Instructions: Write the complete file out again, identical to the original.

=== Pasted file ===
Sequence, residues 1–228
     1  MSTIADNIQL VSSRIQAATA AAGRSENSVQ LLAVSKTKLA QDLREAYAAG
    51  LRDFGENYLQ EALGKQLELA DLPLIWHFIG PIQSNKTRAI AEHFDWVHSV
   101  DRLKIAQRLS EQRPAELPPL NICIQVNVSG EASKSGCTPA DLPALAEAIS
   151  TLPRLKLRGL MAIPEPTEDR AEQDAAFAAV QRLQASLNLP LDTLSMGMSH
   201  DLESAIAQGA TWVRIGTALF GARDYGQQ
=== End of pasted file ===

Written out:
Sequence, residues 1–228
     1  MSTIADNIQL VSSRIQAATA AAGRSENSVQ LLAVSKTKLA QDLREAYAAG
    51  LRDFGENYLQ EALGKQLELA DLPLIWHFIG PIQSNKTRAI AEHFDWVHSV
   101  DRLKIAQRLS EQRPAELPPL NICIQVNVSG EASKSGCTPA DLPALAEAIS
   151  TLPRLKLRGL MAIPEPTEDR AEQDAAFAAV QRLQASLNLP LDTLSMGMSH
   201  DLESAIAQGA TWVRIGTALF GARDYGQQ